BACKGROUND TO THIS PROJECT
- The National Suicide Prevention Trial, which will report soon, was largely based on Black Dog Institute’s LifeSpan systems approach, with Black Dog Institute providing advice and leadership to 12 Primary Health Networks as they implemented tailored suicide prevention strategies for their region.
- LifeSpan is an integrated systems approach developed by the Black Dog Institute, which unites nine separate suicide prevention strategies that have been shown to reduce suicide deaths and attempts into a community-led response. Black Dog Institute researchers have implemented and tested LifeSpan in four NSW regions, as well as the ACT and a Victorian place-based trial, with findings from the trial expected in mid-2022.
- An Indigenous-focused trial site from the National Suicide Prevention Trial, in the Kimberley region of Western Australia, used the ATSISPEP values and implementation principles.
- Based on these experiences, there is now an opportunity to articulate in more detail an integrated systems approach for Aboriginal and Torres Strait Islander communities, outlining how particular interventions may be combined to prevent Indigenous suicides.
- This would provide guidance for individual communities to plan, prioritise and assess suicide prevention measures, supported by regional and local co-design and consultation to ensure an appropriate mix of services.
- This project would be consistent with the objectives of the forthcoming National Aboriginal and Torres Strait Islander Suicide Prevention Strategy.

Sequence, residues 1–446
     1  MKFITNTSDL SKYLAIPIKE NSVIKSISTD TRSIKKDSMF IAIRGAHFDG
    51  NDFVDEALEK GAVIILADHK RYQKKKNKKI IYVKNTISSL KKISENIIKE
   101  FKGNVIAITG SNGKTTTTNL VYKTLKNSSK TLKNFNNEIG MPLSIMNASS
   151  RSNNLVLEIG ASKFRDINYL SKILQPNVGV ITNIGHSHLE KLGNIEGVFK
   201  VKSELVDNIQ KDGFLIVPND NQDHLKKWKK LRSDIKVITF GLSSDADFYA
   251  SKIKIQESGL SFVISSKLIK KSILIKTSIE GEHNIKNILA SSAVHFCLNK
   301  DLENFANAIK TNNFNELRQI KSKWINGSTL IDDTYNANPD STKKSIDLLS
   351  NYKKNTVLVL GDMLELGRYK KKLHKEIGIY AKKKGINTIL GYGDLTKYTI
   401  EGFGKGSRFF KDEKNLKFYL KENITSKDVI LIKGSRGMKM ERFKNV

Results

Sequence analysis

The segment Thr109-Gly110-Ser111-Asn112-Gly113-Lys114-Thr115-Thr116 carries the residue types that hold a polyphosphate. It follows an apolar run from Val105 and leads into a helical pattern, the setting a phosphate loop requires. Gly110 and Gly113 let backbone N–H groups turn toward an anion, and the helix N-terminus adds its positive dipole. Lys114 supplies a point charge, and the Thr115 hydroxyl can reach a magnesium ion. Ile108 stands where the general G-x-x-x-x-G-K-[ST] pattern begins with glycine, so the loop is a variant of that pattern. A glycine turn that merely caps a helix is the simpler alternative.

ABOUT SUICIDE AMONG ABORIGINAL AND TORRES STRAIT ISLANDER PEOPLES
According to the Australian Bureau of Statistics (2019):
- Suicide accounts for 6% of all deaths among Indigenous people (vs 2% non-Indigenous).
- Suicide is the 2nd leading cause of death for Indigenous males (vs 10th non-Indigenous). It is the 7th leading cause of death for Indigenous females (vs 23rd non-Indigenous).
- One-third of all Indigenous child deaths (ages 5 to 17) are suicides.
- 23% of all suicide deaths in Australian children (ages 5 to 17) are Indigenous children.
Aboriginal and Torres Strait Islander peoples embrace a holistic concept of mental and physical health within a broader context of social and emotional wellbeing (SEWB). This recognises the interconnectedness of physical and mental health with spiritual and cultural factors and connection to Country, community, and traditions.
The lasting impacts of colonisation have resulted in intergenerational trauma and social and economic disadvantage at individual, family, and community levels. This can result in multiple stressors such as unresolved grief and loss, trauma and abuse, domestic violence, removal from family, substance misuse, family breakdown, cultural dislocation, racism, and discrimination, which challenge Aboriginal and Torres Strait Islander people’s mental and physical health and wellbeing.
Trauma, grief, and loss as well as alcohol and substance use are key factors in Indigenous suicide deaths. Healing programs and services to promote social and emotional wellbeing are essential components of a culturally safe Indigenous suicide prevention response.
ABOUT THE CENTRE OF BEST PRACTICE IN ABORIGINAL AND TORRES STRAIT ISLANDER SUICIDE PREVENTION (CBPATSISP)